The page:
We told you so: Riyadh has calmed the oil markets
Saudi Arabia and its allies including the United States and the UAE have promised to plug any shortfall in oil.
As I write this column at 7:00pm on Tuesday (way after my deadline, by the way), the oil markets are a sea of red (that's a good thing, really, for several reasons). A barrel of Brent is hovering at $63.5 while WTI Crude is just a little above $59 a barrel, both variants down more than 6 per cent over Monday. That's the calming effect that Saudi Arabia has on the oil markets, despite 5.7 million barrels a day of its supply going off the market in the proverbial blink of an eye over the weekend.
The oil price, which witnessed its biggest one-day jump in almost two decades on Monday, was expecting a positive statement from Saudi Arabia about the restoration of its output to near pre-strike levels within weeks. The sharp decline in oil prices on just that expectation is a slap on the face of the perpetrators of the missile (not drone) strike on Saudi oil infrastructure as they failed in their mission to upset the energy ecosystem by hitting at the world's largest oil installation. Saudi Arabia and its allies including the United States and the UAE have promised to plug any shortfall in oil and meet the demand and have successfully arrested the spike.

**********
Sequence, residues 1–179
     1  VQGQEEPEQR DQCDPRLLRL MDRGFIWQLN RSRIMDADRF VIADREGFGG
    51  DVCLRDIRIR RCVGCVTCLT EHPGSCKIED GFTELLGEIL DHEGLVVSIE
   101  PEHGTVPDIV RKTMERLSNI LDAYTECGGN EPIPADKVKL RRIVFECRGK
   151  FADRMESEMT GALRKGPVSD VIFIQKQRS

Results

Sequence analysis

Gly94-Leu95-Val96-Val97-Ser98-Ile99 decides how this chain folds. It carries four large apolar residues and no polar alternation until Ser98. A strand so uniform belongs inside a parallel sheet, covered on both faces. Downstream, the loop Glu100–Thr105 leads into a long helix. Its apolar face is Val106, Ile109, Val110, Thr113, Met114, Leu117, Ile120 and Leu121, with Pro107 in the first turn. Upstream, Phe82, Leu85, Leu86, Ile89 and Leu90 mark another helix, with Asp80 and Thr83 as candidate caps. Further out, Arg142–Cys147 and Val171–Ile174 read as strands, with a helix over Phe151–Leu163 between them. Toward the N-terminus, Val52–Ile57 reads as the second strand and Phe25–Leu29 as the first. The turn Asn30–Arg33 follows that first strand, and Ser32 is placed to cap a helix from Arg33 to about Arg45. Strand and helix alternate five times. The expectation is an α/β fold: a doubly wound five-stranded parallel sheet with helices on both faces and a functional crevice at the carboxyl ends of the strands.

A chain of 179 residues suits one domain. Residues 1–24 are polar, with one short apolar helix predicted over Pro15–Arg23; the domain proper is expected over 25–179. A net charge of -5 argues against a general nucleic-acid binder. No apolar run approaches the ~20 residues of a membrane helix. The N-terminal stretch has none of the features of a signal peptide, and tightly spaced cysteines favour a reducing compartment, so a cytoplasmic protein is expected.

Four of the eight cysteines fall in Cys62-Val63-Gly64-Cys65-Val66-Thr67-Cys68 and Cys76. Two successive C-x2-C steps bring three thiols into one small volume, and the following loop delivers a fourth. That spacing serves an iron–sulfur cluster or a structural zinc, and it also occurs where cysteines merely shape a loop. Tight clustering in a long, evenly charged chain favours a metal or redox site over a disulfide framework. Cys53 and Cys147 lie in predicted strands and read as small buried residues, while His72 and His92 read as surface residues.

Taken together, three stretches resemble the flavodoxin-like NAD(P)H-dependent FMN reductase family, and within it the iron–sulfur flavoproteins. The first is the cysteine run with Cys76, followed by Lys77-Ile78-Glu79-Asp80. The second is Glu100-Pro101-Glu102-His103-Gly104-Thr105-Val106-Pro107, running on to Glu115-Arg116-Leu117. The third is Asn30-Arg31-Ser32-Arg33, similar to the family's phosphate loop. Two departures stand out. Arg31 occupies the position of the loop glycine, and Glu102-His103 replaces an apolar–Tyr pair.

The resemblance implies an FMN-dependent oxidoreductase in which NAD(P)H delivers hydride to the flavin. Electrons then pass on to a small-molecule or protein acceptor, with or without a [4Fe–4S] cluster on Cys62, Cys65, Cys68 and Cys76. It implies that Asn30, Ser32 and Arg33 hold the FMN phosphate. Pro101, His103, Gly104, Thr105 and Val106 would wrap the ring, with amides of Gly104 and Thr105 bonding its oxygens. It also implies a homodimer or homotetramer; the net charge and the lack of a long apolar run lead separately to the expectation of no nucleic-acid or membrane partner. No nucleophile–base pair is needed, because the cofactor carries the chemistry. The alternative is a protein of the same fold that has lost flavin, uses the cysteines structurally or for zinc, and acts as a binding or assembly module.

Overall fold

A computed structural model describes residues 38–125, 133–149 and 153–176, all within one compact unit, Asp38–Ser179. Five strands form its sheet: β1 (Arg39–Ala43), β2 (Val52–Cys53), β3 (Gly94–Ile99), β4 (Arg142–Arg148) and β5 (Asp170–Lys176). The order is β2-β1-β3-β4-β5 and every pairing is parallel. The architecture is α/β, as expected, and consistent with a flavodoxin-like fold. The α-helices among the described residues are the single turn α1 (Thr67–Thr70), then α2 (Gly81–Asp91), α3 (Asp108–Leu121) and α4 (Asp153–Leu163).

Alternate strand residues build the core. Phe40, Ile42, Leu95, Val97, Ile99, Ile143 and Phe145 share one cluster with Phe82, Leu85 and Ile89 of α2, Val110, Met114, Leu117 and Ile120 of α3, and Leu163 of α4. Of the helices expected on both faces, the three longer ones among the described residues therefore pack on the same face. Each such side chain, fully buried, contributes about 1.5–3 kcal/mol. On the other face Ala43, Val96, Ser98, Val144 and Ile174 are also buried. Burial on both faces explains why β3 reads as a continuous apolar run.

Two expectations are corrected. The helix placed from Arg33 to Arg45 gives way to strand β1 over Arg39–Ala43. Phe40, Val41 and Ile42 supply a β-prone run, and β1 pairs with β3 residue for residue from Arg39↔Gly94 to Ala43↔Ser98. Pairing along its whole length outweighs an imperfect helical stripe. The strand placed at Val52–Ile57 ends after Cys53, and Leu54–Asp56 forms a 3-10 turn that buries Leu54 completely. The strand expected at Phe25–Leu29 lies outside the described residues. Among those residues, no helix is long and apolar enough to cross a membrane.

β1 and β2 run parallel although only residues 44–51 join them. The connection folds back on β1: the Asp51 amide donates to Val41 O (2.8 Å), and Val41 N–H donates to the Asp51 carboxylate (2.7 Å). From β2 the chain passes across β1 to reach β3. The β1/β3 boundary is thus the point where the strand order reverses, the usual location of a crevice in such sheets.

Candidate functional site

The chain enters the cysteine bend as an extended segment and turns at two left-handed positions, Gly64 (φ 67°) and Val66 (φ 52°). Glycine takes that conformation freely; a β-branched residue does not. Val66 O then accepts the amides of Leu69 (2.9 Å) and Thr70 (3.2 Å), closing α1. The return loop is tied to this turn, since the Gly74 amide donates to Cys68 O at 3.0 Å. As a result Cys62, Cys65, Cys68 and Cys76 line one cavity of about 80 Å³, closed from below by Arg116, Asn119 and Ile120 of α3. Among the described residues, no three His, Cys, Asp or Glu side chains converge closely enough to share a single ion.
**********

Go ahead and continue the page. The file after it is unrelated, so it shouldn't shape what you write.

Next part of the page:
The soothing effect that Saudi Arabia has had on the oil markets once again vindicates its leadership position despite shale oil's supposed reshaping of the industry's landscape. It also underlines the kingdom's readiness to meet and beat any such misadventure. Once the oil markets settle for good, it will be the perfect time to identify and collectively punish the perpetrators of this weekend attack, targeted as it was at every oil consumer in the world. This is not something that the world should forget in a hurry, for that will be a grave mistake. It is time to rid the Arabian Gulf of all destabilising influences and work towards a peaceful and prosperous future for the region.